2. The Prior Art Those skilled in the art will, of course, appreciate *94t that many different arrangements of ormation testers have 4 S been employed through the past several years. In general, these tools include either a fluid entry port or a tubular probe cooperatively arranged within a wall-engaging packer for isolating the port or probe from the well bore fluids during the test. To collect fluid samples, these prior-art tools have one or more sample chambers which are coupled to

I

the fluid entry by a flow line having one or more control tr It valves arranged therein. As shown in U.S. Patent No.

3,011,554, for example, a suitable pressure transducer is usually arranged in the flow line for transmitting pressure measurements to the surface by way of the cable supporting the tool.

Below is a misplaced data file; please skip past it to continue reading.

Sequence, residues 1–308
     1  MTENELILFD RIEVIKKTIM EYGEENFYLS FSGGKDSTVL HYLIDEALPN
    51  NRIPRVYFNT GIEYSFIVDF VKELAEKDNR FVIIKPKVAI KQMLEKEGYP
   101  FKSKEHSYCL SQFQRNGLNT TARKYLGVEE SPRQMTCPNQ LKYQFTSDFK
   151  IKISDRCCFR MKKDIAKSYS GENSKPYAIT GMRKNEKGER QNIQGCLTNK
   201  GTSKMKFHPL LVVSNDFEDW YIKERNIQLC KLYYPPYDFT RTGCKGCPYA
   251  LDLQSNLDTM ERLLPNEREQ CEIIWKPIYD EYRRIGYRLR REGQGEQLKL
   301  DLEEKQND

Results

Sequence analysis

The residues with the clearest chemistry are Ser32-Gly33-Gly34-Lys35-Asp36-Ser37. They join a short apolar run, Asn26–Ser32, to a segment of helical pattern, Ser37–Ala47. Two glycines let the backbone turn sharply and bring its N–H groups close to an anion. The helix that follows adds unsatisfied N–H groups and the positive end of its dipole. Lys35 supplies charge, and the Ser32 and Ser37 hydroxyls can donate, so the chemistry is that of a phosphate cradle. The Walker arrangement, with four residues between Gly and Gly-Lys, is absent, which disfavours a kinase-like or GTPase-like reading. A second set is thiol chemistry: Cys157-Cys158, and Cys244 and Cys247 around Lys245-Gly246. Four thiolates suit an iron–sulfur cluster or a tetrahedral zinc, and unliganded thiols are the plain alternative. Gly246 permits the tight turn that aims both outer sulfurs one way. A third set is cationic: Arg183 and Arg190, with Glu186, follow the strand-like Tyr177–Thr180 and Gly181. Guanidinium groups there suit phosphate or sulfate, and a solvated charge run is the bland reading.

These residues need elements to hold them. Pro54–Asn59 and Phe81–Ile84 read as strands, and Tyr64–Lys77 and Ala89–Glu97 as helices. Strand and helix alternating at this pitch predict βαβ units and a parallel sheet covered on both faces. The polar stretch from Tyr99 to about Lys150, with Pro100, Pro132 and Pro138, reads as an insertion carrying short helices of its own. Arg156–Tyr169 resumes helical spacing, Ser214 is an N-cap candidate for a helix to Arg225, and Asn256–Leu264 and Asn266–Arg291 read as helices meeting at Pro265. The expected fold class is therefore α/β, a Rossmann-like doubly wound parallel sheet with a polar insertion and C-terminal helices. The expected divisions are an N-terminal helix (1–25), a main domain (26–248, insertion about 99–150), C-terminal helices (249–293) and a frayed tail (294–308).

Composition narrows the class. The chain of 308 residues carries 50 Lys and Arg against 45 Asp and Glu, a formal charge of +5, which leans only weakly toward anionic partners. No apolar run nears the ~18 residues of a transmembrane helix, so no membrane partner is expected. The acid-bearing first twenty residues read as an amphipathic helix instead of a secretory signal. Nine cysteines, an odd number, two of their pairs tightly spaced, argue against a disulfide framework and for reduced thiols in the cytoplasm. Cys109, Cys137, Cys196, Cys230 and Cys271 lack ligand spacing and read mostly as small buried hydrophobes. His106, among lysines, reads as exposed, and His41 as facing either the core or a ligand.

O444 Generally, the success of these tests has depended to some extent upon knowing in advance the general character of the particular formations which were to be tested, so that the sampler/tester could be equipped as required to test a formation of a given nature.

For example, where the formations to be tested were considered to be fairly competent and, therefore, not easily eroded, prior-art testers such as that shown in U.S. Patent No. 3,011,554 have been relatively satisfactory. On the

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3 other hand, in those situations where tests were to be conducted in fairly incompetent or unconsolidated formations, it has heretofore been the practice to use testers such as those shown in U.S. Patent Nos. 3,352,361;, 3,530,933; 3,565,169; or 3,653,436. As fully described in these last-mentioned patents, each of those prior-art testing tools employs a tubular sampling member which is cooperatively associated with a conventional filter having fluid openings of a selected and uniform size for preventing the unwanted entrance of unconsolidated formation materials of a specified minimum size into the testing tool. Thus, except for dual-purpose tools such as that shown in U.S. Patent No.